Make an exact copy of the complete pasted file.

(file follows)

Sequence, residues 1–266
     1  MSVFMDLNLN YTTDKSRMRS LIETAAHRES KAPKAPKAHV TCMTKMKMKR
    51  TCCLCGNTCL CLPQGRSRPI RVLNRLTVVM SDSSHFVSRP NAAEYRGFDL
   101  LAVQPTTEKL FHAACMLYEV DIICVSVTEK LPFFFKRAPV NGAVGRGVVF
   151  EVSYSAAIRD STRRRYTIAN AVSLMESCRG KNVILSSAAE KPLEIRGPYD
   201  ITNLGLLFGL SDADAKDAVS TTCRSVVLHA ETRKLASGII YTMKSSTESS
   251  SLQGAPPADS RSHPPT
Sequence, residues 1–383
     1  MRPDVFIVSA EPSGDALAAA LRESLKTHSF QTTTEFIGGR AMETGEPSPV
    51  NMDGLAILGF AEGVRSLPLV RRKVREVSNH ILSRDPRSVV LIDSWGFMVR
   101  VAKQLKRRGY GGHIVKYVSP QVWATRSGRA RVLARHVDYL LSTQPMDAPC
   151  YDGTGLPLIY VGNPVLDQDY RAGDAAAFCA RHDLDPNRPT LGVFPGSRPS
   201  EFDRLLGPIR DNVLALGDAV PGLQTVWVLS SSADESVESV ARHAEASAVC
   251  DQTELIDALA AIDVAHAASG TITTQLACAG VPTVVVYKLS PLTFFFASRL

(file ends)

Sequence, residues 1–266
     1  MSVFMDLNLN YTTDKSRMRS LIETAAHRES KAPKAPKAHV TCMTKMKMKR
    51  TCCLCGNTCL CLPQGRSRPI RVLNRLTVVM SDSSHFVSRP NAAEYRGFDL
   101  LAVQPTTEKL FHAACMLYEV DIICVSVTEK LPFFFKRAPV NGAVGRGVVF
   151  EVSYSAAIRD STRRRYTIAN AVSLMESCRG KNVILSSAAE KPLEIRGPYD
   201  ITNLGLLFGL SDADAKDAVS TTCRSVVLHA ETRKLASGII YTMKSSTESS
   251  SLQGAPPADS RSHPPT
Sequence, residues 1–383
     1  MRPDVFIVSA EPSGDALAAA LRESLKTHSF QTTTEFIGGR AMETGEPSPV
    51  NMDGLAILGF AEGVRSLPLV RRKVREVSNH ILSRDPRSVV LIDSWGFMVR
   101  VAKQLKRRGY GGHIVKYVSP QVWATRSGRA RVLARHVDYL LSTQPMDAPC
   151  YDGTGLPLIY VGNPVLDQDY RAGDAAAFCA RHDLDPNRPT LGVFPGSRPS
   201  EFDRLLGPIR DNVLALGDAV PGLQTVWVLS SSADESVESV ARHAEASAVC
   251  DQTELIDALA AIDVAHAASG TITTQLACAG VPTVVVYKLS PLTFFFASRL